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Types of Red Wine

If you’ve ever been overwhelmed by the types of red wines available on the shelves of your local wine shop or market, you’re not alone. These days, with more and more regions of the world taking the plunge into wine-making, varieties are plentiful and often make it tough to choose.

Learning a little more about each type of red wine and what foods they are best paired with might help in making a decision next time you cook for a dinner party or special occasion.

Remember, however, that though all red wines are made by growing and processing red or purple/black grapes, not all wines of the same variety will taste identical. Much of what gives a wine its particular flavor depends on where it is grown and factors like soil conditions, temperature, amount of rainfall, and more. Furthermore, wine makers all have different techniques and preferences when dealing with the grapes after harvest, leading to an endless selection of wines that all have their own unique characteristics.

Once you’ve settled on a particular type of wine – i.e. cabernet sauvignon or zinfandel – it’s a good idea to try several labels to determine which you might enjoy most.

Merlot – A popular red wine world over, merlot is a dry variety that wine experts tend to describe as “soft.” It can stand alone but is also used in making the Bordeaux blend. It often has a fruity flavor that resembles plums or black cherries and is a very prolific wine, suitable when paired with just about any meal. Merlots grow in California, Washington, Italy, Romania, Australia, Chile, and many other countries.

Cabernet Sauvignon – Considered the king of red grapes, the cabernet sauvignon variety can be planted wherever red grapes are grown with the exception of areas that may be a little too cold. The best examples come from France’s Medoc and Bordeaux regions (it is the grape found in renowned Bordeaux wines) as well as California, Australia, and Chile. This dry wine is generally aged in oak barrels which can give it a sort of vanilla flavor but drinkers will also taste a fruit flavor reminiscent of currants. Cabernet Sauvignon is good when paired with steaks or other simple red meat recipes.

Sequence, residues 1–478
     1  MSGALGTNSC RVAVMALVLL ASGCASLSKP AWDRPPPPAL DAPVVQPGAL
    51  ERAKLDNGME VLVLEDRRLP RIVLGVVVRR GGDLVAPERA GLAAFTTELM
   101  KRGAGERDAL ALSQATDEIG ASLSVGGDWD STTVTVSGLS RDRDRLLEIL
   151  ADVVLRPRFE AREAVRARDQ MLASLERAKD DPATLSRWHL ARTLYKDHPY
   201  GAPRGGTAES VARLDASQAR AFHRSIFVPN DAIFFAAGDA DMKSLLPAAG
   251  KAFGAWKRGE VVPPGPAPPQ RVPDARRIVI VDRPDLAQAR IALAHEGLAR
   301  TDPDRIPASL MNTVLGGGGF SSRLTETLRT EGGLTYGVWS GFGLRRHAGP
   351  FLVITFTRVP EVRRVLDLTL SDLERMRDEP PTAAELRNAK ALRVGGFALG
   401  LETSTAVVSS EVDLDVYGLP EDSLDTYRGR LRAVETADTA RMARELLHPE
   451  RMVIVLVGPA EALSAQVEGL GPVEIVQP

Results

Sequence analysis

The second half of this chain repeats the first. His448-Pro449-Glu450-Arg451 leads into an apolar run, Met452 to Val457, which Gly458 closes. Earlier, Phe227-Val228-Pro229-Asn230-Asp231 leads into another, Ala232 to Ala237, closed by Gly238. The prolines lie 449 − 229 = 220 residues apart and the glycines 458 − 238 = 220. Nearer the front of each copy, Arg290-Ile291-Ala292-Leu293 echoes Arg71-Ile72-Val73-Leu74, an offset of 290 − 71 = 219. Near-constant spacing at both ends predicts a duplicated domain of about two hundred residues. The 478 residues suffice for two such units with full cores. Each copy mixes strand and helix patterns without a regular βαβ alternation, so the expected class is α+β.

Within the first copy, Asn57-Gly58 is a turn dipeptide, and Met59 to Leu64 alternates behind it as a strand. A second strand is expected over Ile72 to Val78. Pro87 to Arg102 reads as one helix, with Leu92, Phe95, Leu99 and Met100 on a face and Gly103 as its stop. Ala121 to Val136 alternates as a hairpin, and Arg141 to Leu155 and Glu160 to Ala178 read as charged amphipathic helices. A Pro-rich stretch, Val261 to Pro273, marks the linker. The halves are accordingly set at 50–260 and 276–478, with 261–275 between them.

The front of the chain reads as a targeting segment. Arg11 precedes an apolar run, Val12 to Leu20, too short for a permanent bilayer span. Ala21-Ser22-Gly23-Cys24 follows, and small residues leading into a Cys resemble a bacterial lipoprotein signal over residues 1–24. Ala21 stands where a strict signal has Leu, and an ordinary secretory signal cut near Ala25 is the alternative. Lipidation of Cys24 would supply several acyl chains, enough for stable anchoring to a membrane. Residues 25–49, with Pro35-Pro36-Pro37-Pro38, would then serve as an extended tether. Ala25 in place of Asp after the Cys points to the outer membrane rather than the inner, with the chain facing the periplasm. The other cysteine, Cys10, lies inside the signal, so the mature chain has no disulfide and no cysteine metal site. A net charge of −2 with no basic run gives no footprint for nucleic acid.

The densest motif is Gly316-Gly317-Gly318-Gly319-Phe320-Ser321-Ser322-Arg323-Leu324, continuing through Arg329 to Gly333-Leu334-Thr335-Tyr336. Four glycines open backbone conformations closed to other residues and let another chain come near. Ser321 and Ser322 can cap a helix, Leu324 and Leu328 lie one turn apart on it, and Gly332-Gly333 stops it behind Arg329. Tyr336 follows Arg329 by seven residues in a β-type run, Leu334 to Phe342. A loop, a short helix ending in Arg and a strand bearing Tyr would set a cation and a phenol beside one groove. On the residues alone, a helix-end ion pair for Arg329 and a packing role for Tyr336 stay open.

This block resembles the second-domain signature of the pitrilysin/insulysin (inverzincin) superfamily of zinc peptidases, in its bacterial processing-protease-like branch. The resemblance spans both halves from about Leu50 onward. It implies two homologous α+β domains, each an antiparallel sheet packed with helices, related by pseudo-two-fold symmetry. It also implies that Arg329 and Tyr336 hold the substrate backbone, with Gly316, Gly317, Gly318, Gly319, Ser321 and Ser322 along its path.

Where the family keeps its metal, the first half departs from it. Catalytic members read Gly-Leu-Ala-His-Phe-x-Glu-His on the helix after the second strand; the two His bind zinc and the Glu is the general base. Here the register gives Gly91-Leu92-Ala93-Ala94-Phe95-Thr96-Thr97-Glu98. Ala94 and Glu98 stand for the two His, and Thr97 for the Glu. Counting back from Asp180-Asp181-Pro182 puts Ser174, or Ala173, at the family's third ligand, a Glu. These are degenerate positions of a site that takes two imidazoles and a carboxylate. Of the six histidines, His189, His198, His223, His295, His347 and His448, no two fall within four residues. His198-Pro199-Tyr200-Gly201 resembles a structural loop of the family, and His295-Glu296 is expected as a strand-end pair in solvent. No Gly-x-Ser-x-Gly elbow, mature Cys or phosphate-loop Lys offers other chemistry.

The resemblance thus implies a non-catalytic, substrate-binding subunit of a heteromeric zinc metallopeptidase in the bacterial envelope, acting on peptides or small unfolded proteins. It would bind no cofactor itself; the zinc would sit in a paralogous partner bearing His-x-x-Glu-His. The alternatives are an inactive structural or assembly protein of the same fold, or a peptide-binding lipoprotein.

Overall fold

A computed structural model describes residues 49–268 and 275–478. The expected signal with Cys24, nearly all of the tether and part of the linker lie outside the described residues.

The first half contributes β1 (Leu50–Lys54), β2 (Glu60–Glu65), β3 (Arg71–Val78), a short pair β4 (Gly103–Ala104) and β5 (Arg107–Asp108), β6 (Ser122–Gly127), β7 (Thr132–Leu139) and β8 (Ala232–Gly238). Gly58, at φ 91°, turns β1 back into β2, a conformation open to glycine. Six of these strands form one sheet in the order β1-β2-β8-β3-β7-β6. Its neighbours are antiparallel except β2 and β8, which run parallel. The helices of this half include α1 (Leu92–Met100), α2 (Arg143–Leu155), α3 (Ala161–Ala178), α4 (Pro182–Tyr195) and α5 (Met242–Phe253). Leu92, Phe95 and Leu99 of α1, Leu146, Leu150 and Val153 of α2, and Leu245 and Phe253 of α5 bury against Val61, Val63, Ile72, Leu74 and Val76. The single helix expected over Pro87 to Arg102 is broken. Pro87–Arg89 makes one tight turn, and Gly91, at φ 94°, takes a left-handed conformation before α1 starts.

Shiraz/Syrah – What name is used on the label of this type of wine will depend on where it is produced. Syrah is the name used in France and the U.S. while Shiraz is common in Australia and South Africa. Often blended with Cabernet, this is a fruity, spicy robust red that is often paired with game (venison, pheasant, etc.) as well as hearty beef dishes like stew or shepherd’s pie.

Pinot Noir – An ingredient in the great Burgundy wines of France, the pinot noir grape doesn’t grow everywhere and can be particular difficult to cultivate. It is delicate and very fruity, often with aromas like strawberry, plum, or cherry. It is generally not blended with other varietals and is perfect for more subtle dishes like chicken, lamb, or mild seafood. In the U.S., it is grown in California and Oregon.

Zinfandel – Grown mostly in California, Zinfandel grapes love the warm temperatures and sunshine and are used in a huge variety of wines ranging from light, blush wines to hearty red ones. With a berry and pepper flavor, it goes well with pastas, pizza, and barbecue favorites.

Dolcetto – Grown almost exclusively in Italy’s Piedmont region, this wine is unusual because its flavors and aromas most closely resemble licorice and almonds, making it quite unique. Pair it with beef for best results.

Sangiovese – Also a type of grape that is peculiar to Italy but just starting to gain popularity in California, Sangiovese grapes are used in Italy’s famed Chianti wines. Full of berry and plum flavors and aromas, Sangiovese wines are perfect with a hearty Italian meal.

Malbec – The most popular red varietal in Argentina, Malbec was first produced in France’s Bordeaux region but can now be found in other places around the world. Demanding a slightly cooler climate than some red grapes, Malbec is often blended with other types, especially merlot and cabernet sauvignon, and its fruity flavors work well with all kinds of meat dishes.


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